Saturday, January 22, 2011

Exercise and the Obstreperous Mind

We all know the benefits of exercise. It makes us Breathe. The oxygen enters the bloodstream while the heart pumps it through the body to the muscles, ligaments and tendons that are being used. It helps keep the body healthy and alive. The question is, why does exercise become such a burden at times in our lives?

Everyone has felt a lack of motivation for exercise at some point in their lives. Many feel it regularly. As with most of the major challenges we face, the main culprit can probably be found inside ourselves. In this case, the biggest hurdle to effective exercise is an obstreperous mind. Obstreperous means unruly. An obstreperous mind is one that doesn’t submit to discipline or control. It is an immature monkey in the library of our being.

The obstreperous mind feeds on the distractions and stimulations of the hectic outside world. When this happens we lose sight of what is really important. We start to think and consider all the various options, possibilities and permutations. We begin to get stressed. Stress scatters our attention and gets us worrying about irrelevant things. We start to run out of time for anything. It can quickly get out of hand if the body is in a weakened state. Even if we realize we are stressed, we have difficulty doing something other than try to laugh it off.

I’m soooo stressed out, haha!

Without focus and control, the monkey is in charge.

However, if we are able to breathe a little and move the body a bit, we can start to get the obstreperous mind under control. Exercise doesn’t have to be vigorous. All we need are some simple breath and movement exercises to get stared. It is an upward spiral as the more we breathe and move, the stronger our bodies get. The energy we generate begins to flow through us, breaking up stagnation and revitalizing us. This affects the mind in a positive way. Exercise focuses the obstreperous mind and disciplines the monkey.

Daily life in the modern world can be extremely distracting and often make it quite challenging to remain centered. Life can get difficult and confusing. In order to navigate the challenges one needs a healthy body and an unobstreperous mind.

Wishing you much peace...

Please visit my new Zen Anti-Diet page.
Mindful Eating for Health, Vitality and Weight Loss.

Friday, January 7, 2011

Cultivating Silence

How many people do you know who need to have the television or radio on continuously when they are alone? How many people do you know who talk just to fill what they feel is an uncomfortable silence? Silence should not be uncomfortable. Yet many people avoid it like the plague. The reason is that silence offers an opportunity to examine the inner self, something many people simply don’t feel comfortable doing. To open our inner self to the light of day is to acknowledge that some of the behaviors in our lives are not healthy and may not be contributing to the health of the planet. It becomes all the more important to begin this process as the difficulties in the world escalate. Only if we can care for ourselves will we realize the necessity of caring for the Earth. Silence is a wonderful place to start the process.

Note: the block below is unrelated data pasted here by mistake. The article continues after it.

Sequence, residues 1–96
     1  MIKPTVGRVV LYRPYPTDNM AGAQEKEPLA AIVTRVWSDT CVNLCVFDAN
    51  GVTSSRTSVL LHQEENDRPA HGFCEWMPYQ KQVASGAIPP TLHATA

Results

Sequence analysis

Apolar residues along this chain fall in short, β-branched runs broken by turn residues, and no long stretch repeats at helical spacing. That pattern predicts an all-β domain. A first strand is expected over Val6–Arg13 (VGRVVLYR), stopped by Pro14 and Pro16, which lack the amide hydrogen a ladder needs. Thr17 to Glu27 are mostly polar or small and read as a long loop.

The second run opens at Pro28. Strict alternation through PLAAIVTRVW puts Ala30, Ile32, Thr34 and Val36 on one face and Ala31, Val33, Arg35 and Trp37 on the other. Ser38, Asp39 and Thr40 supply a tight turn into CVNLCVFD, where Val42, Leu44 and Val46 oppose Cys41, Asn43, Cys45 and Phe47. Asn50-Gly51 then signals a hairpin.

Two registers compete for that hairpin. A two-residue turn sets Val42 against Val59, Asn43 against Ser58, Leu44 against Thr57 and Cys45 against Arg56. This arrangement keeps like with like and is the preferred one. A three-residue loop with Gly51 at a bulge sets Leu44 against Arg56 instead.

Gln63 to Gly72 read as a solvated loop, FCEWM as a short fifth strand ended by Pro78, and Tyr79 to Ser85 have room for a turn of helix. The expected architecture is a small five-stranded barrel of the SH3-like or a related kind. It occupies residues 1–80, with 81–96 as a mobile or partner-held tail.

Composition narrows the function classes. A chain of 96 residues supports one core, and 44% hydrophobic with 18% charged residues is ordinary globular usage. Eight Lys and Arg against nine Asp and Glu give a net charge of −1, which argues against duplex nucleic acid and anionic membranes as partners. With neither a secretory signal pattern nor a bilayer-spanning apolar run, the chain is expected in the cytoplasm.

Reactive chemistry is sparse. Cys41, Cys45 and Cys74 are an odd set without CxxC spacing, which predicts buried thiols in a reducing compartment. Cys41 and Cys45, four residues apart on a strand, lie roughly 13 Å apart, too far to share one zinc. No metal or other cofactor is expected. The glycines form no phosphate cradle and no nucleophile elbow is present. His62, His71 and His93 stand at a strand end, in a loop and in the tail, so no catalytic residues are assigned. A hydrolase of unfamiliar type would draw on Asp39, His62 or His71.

In silence, life slows down of its own accord. You begin to experience the beauty and joy of life more intensely. Cultivating this serenity brings a deeper appreciation of your own life and the world around you as you begin to truly observe what is happening and as your body learns to relax and function naturally without the blockage that stress and tension bring.
Put aside five minutes in the morning to be silent. No talking, no TV, no radio - just silence. See if you can find one moment where there is absolutely no sound. In today’s bustling world this is much harder than imagined. Try to experience that moment. Keep it with you throughout the day. Spend another silent five minutes in the evening. Notice the feelings that emerge during your silent time. See if you can get used to silence and make it a comfortable feeling. Next try to expand the time frame, ten minutes of silence, an hour, two hours. Refrain from talking for as long as possible for a day. Only speak when spoken to and then reply only after you have taken a moment to think seriously about what the other person said. The silence should be reflected in your actions as well. Try to do everything quietly. It might be helpful to inform those around you before you begin this exercise. They might even decide to join you in silence!

wishing you much peace...
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